Posts Tagged ‘atlanta falcons’

Q&A with Atlanta Falcons Team Physician

Dr. Spero Karas

Dr. Spero Karas at the Super Bowl

In addition to his duties as an orthopedic surgeon at Emory Sports Medicine Center, Dr. Spero Karas has served as the head team physician for the Atlanta Falcons since 2011. He provides sideline support and oversees the orthopedic and medical care for both the Falcons’ athletes and coaches.

Last Sunday culminated in one of the most exciting seasons in the history of Atlanta’s hometown team after making it to the Super Bowl for the second time in the team’s history.

We caught up with Dr. Karas as he returned home from Houston to talk about the season, working with the Falcons and going to the Super Bowl.

Q: How has it been working with the Falcons this year?  

A: Well, the season was a success on a number of levels. We won our division, our conference, and of course played in the Super Bowl — one of the most exciting and memorable games in Super Bowl history. From the professional side, we took great pride in the care we provided the team. We gave them early access to all of Emory’s outstanding subspecialties, as well as fulfilled all their sports medicine needs.

Q: What were some highlights on this journey to the Super Bowl?

A: Football is football in almost any context. Obviously, playing in the last game of the season does provide some unique challenges. A longer season means more opportunity for wear and tear on the body and subsequent injuries. As a medical staff, we took great care to monitor exertion and make sure the players were optimized physically in terms of nutrition, sleep and recovery.

The really unique thing about the Super Bowl is the actual pace of the game. The pregame happens an hour earlier than it does during the regular season. Halftime in the NFL regular-season is only 12 minutes, but at the Super Bowl halftime was 30 minutes long. There are also many more commercial breaks during the Super Bowl. In a medical context, this is actually advantageous because it allows more “down time” with the players and allows us to keep them hydrated. The negative is that same down time may allow the muscles to cool and the players may have a little bit more difficulty staying loose during the game.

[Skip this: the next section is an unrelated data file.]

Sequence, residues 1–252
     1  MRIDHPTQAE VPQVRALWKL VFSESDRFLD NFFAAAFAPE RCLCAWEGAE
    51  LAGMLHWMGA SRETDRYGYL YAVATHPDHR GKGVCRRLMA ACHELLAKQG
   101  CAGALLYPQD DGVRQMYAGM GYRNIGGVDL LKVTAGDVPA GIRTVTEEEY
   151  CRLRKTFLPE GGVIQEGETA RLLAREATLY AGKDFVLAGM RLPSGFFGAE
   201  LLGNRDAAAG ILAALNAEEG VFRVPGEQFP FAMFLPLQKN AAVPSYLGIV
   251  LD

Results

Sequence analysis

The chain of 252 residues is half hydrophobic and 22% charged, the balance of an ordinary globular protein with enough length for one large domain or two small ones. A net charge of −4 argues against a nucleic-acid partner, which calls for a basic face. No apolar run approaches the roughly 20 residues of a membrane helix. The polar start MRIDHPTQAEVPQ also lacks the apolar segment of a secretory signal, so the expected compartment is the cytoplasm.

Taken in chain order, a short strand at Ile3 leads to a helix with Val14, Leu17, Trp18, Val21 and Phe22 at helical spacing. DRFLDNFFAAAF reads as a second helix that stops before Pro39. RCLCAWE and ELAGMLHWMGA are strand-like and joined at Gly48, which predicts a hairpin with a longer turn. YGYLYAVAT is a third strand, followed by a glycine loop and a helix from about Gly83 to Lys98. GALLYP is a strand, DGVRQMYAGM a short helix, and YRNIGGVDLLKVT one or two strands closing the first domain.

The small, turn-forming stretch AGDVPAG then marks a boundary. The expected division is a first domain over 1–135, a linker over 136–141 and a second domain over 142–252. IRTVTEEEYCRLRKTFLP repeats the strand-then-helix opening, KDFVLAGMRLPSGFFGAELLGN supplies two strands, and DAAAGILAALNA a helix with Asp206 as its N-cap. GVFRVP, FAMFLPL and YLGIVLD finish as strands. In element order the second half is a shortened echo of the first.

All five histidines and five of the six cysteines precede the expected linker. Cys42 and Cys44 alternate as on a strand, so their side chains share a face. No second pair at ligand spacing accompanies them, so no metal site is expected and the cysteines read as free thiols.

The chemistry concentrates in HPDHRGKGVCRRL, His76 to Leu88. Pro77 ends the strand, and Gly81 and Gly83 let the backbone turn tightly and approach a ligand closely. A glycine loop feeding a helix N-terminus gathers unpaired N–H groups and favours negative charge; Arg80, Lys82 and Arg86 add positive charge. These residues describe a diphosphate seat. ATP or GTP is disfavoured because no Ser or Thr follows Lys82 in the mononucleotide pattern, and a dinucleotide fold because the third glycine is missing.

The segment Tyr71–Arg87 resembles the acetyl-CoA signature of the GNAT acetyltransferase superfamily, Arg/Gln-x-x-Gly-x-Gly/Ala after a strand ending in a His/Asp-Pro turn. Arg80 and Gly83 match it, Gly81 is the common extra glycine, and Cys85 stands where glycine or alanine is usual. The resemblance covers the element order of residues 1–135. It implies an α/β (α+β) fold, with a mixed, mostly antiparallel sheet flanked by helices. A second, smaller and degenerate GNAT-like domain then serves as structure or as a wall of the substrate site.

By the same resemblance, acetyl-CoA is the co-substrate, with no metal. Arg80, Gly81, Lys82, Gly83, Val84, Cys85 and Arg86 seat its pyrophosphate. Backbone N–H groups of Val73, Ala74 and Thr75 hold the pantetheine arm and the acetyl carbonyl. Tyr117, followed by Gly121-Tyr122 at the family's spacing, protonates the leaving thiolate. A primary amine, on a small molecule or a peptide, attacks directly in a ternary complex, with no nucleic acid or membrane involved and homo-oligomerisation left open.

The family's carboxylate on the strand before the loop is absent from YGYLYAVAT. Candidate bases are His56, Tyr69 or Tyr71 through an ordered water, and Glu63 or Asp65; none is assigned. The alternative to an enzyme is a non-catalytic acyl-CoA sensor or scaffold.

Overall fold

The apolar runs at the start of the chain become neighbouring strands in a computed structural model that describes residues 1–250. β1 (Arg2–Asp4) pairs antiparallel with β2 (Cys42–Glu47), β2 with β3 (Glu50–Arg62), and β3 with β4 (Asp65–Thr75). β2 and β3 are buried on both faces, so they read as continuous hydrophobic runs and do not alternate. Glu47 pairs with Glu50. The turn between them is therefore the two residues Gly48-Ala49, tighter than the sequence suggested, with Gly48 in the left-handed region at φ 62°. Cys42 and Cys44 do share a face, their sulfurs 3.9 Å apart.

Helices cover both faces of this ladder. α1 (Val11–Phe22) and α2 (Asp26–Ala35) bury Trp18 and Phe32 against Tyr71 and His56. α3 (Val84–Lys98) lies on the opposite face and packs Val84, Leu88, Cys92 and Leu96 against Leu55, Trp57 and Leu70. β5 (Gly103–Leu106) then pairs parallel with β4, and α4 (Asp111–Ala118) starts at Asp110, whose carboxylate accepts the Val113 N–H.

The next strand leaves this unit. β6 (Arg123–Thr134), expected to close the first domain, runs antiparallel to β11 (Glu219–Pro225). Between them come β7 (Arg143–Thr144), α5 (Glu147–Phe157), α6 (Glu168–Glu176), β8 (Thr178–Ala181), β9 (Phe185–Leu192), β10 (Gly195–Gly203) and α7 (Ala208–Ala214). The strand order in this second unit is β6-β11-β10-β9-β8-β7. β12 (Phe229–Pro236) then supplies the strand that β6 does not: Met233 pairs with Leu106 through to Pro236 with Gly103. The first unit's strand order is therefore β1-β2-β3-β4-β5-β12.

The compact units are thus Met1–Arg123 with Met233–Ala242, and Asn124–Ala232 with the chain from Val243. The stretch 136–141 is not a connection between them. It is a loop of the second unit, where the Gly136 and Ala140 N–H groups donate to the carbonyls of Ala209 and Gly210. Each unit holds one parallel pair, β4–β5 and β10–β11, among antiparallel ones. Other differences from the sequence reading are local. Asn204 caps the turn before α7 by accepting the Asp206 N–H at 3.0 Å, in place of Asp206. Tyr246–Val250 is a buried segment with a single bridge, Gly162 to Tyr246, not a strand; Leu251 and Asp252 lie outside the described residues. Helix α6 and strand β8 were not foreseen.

Q: Tell me about the importance of caring for the team/the team’s health whether in the super bowl or playing on the field in general.

A: Any sports team has a unique set of important requirements for the health and safety of the player. The NBA’s requirements may be a little bit different than Major League Baseball’s or the NFL’s. But the most important thing is the health and safety of the players — whether it’s in practice, in games or even during the off-season. I think a lot of these lessons can also be transferred to collegiate, high school and youth sports as well.

Q: Leading up to the Super Bowl…how did you prepare for this exciting opportunity?

A: I don’t think there was any specific preparation required for the Super Bowl. But, we did have some unique situations in terms of player health management between the NFC championship game and the Super Bowl. We were able to pull this off with a multidisciplinary team of athletic trainers, therapists, and physicians so we had a full, healthy roster on the day of the game

Q: What a great season on the field overall! What are some of your takeaways?

A: I think a lot of people see the 16 games of the regular season and say, “Wow, that’s a really long four months.” But in reality, the football season can actually be much longer. It begins at the end of July with a month of training camp (which includes four preseason games) and then flows straight into the 16-game regular season. If you make the playoffs, your season extends by yet another month. So the main takeaway would be “It’s a long season — longer than most people think. It’s important to pace ourselves and watch our players closely for fatigue and over-exertion.”

Q: What’s one piece of advice you have for someone who aspires to become a health professional and to take care of an NFL team?

A: Well, it’s a long road — four years of college, four years of medical school, five years of residency and then a year of sports medicine fellowship. When you take care of a professional sports club, you really need to be available for the coaches, players and staff at any time. Having a great team, like we do at Emory Sports Medicine, obviously makes the job easier because you can have a number of excellent doctors helping out.

Dr. Karas is the Director of the Orthopaedic Sports Medicine Fellowship Program and an Associate Professor of Orthopaedic Surgery at Emory University. He’s an internationally-recognized expert in the field of sports medicine, surgery of the shoulder and knee and arthroscopic surgery.  He was joined at the Super Bowl by fellow Emory Sports Medicine Center physicians Dr. Jeffrey Webb, Dr. Brandon Mines and Dr. Kyle Hammond.

Emory Healthcare Physicians Provide Care for Falcons as They Approach Super Bowl LI


Emory Healthcare Team Physicians for the Atlanta Falcons, Spero Karas, Jeffrey Webb and Brandon Mines, are pictured here on the Georgia Dome field following the Falcon’s historic win on January 22nd against the Greenbay Packers.